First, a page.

The Finnish government is on the verge of reaching its once-ambitious employment rate target of 72 per cent, with the latest employment statistics showing that the trend of the employment rate stood at 71.7 per cent in September.
Etla, the Research Institute of the Finnish Economy, believes the increases in employment and productivity are a consequence of several simultaneous developments.
“It is our estimate that roughly a half of the increase of over 100,000 in the number of jobs since mid-2015 is a consequence of policy measures adopted during the current electoral term – namely the competitiveness pact and reforms promoting the availability of jobs,” the research institute states in its report on past economic growth and future growth opportunities in Finland.
The effect of policy measures is even larger if also the pension reform implemented during the previous electoral term is taken into consideration, according to Etla.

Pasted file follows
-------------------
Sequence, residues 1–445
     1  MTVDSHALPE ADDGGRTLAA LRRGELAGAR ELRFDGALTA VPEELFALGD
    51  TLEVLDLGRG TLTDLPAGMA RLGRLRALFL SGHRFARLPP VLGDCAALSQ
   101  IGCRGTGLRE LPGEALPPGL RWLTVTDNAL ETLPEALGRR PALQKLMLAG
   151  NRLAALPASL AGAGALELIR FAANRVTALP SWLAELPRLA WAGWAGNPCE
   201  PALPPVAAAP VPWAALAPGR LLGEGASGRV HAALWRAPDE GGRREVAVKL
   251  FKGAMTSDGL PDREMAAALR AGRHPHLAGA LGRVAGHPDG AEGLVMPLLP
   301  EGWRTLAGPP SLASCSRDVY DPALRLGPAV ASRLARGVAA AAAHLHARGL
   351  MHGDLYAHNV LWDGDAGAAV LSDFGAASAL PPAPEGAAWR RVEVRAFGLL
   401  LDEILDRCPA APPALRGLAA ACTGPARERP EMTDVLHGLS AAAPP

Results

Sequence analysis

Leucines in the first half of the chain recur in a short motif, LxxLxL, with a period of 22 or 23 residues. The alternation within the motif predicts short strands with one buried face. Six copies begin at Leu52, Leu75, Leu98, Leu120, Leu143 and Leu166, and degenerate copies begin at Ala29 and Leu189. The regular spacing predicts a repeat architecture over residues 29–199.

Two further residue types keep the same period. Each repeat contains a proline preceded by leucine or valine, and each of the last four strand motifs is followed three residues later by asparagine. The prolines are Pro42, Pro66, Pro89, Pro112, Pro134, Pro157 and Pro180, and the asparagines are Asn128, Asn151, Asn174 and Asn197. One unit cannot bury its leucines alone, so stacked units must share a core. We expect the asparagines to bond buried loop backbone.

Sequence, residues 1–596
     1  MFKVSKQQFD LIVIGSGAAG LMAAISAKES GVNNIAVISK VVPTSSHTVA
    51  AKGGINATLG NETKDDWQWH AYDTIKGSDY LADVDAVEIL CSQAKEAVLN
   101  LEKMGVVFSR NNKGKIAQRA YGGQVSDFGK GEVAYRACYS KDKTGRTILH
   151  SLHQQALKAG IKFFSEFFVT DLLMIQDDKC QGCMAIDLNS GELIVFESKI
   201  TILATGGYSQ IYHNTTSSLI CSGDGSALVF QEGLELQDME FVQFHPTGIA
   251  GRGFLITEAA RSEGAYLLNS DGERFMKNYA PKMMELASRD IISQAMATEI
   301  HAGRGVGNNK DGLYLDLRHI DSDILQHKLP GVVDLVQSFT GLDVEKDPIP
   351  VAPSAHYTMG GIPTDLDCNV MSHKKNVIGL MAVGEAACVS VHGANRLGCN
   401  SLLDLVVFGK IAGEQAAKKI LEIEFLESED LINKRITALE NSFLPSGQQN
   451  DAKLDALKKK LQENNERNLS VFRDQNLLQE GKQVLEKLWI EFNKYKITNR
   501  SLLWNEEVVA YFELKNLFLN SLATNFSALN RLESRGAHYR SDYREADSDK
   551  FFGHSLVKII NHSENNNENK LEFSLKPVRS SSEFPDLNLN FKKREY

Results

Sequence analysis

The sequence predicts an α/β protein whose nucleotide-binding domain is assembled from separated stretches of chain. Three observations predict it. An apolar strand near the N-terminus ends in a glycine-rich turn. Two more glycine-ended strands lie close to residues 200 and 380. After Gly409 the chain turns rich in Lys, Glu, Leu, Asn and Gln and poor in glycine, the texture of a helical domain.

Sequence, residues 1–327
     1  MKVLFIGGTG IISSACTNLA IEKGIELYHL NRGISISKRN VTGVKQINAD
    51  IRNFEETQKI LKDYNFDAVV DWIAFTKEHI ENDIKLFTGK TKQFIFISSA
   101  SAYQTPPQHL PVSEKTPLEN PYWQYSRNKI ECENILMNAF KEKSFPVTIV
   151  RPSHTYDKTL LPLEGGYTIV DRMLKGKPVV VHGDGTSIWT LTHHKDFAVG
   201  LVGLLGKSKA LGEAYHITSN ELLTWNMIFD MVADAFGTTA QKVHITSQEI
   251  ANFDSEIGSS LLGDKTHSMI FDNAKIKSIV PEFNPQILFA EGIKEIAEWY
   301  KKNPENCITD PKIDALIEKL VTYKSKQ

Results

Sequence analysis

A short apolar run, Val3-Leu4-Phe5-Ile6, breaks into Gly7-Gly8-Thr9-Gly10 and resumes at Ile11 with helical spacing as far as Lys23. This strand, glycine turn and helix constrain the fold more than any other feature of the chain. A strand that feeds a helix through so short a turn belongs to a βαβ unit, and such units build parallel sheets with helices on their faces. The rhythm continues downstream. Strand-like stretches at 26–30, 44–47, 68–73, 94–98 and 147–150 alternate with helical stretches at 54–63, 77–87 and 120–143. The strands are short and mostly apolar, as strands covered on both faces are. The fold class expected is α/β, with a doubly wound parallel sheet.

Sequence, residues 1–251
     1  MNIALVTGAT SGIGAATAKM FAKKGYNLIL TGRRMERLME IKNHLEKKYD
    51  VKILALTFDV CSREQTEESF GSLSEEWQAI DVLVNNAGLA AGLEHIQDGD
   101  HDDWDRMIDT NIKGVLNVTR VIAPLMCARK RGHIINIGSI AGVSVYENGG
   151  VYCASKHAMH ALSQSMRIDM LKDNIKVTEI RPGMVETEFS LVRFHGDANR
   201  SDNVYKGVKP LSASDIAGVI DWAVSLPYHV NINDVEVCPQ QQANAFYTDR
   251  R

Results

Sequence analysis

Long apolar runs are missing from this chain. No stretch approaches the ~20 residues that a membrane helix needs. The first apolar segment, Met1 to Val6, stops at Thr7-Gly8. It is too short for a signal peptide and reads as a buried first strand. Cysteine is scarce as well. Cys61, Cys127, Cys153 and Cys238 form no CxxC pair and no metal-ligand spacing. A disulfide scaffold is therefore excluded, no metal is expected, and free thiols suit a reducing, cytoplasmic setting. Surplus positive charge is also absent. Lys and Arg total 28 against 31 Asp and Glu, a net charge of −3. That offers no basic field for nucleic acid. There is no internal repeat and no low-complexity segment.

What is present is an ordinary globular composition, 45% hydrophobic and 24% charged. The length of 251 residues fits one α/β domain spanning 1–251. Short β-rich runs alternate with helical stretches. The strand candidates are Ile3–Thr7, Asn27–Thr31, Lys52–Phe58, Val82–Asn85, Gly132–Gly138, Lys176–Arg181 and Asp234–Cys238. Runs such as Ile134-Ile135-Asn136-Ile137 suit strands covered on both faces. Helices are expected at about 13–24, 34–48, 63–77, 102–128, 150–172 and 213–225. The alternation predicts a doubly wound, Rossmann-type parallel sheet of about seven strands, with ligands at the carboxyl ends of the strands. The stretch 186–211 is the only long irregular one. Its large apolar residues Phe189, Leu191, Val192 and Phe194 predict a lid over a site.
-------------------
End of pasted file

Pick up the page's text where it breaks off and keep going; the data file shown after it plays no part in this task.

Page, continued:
“The rest is due to external demand and other economic adjustments,” it says.
Etla also states in its report that although it is realistic to assume productivity growth will continue at an annual rate of roughly two per cent for the next five years, the assumption is conditional on the employment rate creeping up closer to the levels of other Nordics.
It points out that additional structural reforms are required to raise the employment rate to around 75 per cent and sustain productivity growth at around two per cent. The reforms, it adds, must be more ambitious than the ones carried out in recent years due to, for example, changes in the international environment.
Aleksi Teivainen – HT
Source: Uusi Suomi